What is Driving Energy? Its Significance in Standard Penetration Test (SPT)

The purpose of standard penetration test is to determine penetration resistance of sampler and to obtain representative soil sample. Two important things should keep in mind that the sampler is split-barrel sampler and sampling method yields disturbed soil sample. Thus this test is conducted by driving (into the ground) a split-barrel sampler to collect disturbed soil sample that represent corresponding layer and to measure resistance rendered to penetrate through the stratum by that sampler.
Center-hole or Donut hammer for standard penetration test
Center-hole or Donut hammer for 
standard penetration test

This sampling procedure and sample collected in this test method are not our concern in this article; we will mainly discuss about driving resistance. Driving resistance is related to driving energy which is exerted by falling a driving mass on drilling head. For convenient of discussion, at first, it is required to include some terminology about drilling equipment and test procedure.

Drilling rods-Rods through which downward force is exerted to advance drill bit with necessary torque into the borehole. 

Drive weight assemblage-This include a hammer, anvil, a guide system for falling hammer, drill rod and necessary hoisting attachments.

Drill head or anvil-This is an essential part of drive-weight assemblage on which falling hammer strikes. It is a media to transmit hammer energy into drill rods. 

Hammer-This is the important part of drive weight assemblage which exert impact weight of 623±9N (140±2 lbf) by falling from specified height. This energy is used to penetrate hole and to make sample for field or laboratory. 

Hammer fall guide-This term is self-explanatory i.e. guide the falling of the





Sampling rods-Rods connecting drive-weight assemblage to the sampler.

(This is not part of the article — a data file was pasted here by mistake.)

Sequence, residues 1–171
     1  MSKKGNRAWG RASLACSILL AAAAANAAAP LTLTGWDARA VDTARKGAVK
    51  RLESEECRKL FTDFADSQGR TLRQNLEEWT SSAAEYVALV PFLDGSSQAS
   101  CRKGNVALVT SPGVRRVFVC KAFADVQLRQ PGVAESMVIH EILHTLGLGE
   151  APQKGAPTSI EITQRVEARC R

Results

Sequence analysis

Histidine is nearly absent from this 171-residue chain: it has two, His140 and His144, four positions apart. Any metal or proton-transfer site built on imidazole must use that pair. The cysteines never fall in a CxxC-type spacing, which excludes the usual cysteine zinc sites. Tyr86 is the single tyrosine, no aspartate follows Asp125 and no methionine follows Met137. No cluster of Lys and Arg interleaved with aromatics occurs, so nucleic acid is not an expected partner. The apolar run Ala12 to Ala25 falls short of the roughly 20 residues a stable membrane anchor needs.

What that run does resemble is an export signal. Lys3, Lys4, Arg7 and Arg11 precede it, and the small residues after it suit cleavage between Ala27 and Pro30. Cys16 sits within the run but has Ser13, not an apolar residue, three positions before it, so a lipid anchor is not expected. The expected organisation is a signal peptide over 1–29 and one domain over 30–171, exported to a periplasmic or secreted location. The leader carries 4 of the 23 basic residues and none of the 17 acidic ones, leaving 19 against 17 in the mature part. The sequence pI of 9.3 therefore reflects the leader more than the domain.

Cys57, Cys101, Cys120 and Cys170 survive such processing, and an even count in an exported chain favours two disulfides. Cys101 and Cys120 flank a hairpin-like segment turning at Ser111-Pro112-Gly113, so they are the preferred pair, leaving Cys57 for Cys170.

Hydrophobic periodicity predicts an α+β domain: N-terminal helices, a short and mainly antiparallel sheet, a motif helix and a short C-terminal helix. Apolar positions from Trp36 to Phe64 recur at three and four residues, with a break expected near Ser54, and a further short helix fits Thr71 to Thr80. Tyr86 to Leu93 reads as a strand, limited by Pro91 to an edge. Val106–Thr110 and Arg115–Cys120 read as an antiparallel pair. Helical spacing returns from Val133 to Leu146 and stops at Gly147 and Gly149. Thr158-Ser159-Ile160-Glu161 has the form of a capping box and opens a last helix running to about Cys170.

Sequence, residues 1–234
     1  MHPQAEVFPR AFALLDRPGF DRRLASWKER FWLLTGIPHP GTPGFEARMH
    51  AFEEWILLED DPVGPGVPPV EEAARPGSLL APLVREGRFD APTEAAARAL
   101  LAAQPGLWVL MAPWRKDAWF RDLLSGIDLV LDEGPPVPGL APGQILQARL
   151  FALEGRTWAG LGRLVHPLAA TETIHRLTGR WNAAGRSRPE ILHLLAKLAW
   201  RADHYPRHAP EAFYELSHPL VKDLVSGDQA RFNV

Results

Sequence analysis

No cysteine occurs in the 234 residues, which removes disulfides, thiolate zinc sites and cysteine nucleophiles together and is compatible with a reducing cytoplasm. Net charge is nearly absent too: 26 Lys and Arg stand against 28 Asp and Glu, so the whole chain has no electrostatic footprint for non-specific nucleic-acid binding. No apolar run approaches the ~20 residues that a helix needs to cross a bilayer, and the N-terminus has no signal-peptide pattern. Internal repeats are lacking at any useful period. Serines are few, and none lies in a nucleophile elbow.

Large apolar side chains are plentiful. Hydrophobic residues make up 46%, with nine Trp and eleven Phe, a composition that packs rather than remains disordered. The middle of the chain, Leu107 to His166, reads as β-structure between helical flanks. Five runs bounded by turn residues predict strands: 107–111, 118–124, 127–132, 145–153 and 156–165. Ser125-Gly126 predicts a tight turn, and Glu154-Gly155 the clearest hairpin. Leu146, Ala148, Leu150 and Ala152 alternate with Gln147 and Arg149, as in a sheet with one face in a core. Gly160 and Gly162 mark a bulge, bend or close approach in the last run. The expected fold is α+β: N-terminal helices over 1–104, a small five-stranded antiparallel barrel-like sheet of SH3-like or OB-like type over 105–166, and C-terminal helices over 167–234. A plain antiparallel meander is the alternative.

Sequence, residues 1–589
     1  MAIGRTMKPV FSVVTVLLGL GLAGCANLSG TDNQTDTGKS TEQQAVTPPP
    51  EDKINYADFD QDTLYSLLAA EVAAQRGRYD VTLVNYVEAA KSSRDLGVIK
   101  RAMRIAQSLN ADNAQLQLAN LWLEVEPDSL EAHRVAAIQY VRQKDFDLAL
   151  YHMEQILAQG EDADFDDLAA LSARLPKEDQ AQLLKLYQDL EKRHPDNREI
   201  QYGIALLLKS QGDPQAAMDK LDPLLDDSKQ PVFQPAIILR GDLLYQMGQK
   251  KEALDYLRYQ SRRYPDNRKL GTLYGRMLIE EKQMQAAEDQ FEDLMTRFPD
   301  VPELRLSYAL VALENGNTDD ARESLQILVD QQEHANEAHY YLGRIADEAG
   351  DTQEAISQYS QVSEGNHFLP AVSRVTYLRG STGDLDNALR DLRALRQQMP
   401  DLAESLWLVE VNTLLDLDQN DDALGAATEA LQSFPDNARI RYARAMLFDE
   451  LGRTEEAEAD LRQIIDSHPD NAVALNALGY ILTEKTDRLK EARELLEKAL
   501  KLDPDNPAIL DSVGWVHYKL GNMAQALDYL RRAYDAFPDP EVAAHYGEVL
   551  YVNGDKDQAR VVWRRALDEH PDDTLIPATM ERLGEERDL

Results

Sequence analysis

Cathead-The rotating drum like windlass over which the rope pass back
and forth. This is a lifting system around which a rope is wrapped by operator
to lift and successive dropping of hammer by tightening and loosing of the rope
with counterclockwise and clockwise rotation of drum.
N-value – This represents number of blow as an indication of resistance
of soil to be tested against penetration. The N-value is blow counted to penetrate
each foot on the ground which is a summation of blows counted to drive the
split-barrel sampler up to 150 mm to 450 mm (6 to 18 inches) depth from where
the sampler is seated. 

 Driving energy

Standard penetration test has been widely used all
over the world since 1927. But some modification in recoding N value was made
in 1967. The previous testing required only seating of the sampler and driving
300 mm. The procedure can reduce N count up to 50% as the driving of sampler
first 150 mm to seat the sampler on undisturbed sample presents significant
frictional resistance on the sampler to penetrate next 300 mm. Interestingly many
corrections are still exist depending on N counting obtained this previous

Reproduction of N-values

After ASTM included standard penetration test, it was often reported that N-values taken from adjacent boreholes with same test arrangement or from nearby holes but using different equipment can not be reproduced. This becomes an important issue for the credibility of this test or making correlation between penetration resistant recorded using different equipment. Due to the wide popularity of this test, geotechnical engineers paid attention to this problem and Gibbs & Holtz in 1957 figured out key points why reproducibility is failed.

The main factors that influence reproducibility are
  • Length of drill rod
  • Overburden pressure 
After these not much information was revealed until 1971 de Melloe draw attention about driving energy.
Discrepancies between obtained N-Values can be resulted from many factors like
  • Worn or warped driving shoe
  • A rock encounteted during penetration which is generally detectef by an proffesional operator
  • Quick condition in the drilled hole

By following ASTM D1586 formation of quick condition can be avoided. The regular inspection of drive shoe is essential, especially, after finding refusal i. e.during hard stratum. 

N.B. Quick condition is the situation where
effective stress of the soil becomes zero. This condition in the bottom of the
hole is occurred when
  •     Bit or auger plug is withdrawn rapidly
  •    Difference in water level is arisen
    between ground water table and in the hole or at stem of hollow auger.

Why is driving energy in SPT significant?

Proper attention to the causes of discrepancies in
N-values revealed that the difference between the input energy of driving and
actual energy exerted on the sampler hinders the reproducibility. The input energy
gets dissipated around the sampler into the adjacent soil. The amount of
dissipation makes the difference.
Let’s define driving energy-
It can be easily realized that blow counted during penetration
would have direct relation with driving energy. The theoretical value of
driving energy can be computed as 

Substituting v from the
equation (2) into equation (1) will produce

w = weight of the hammer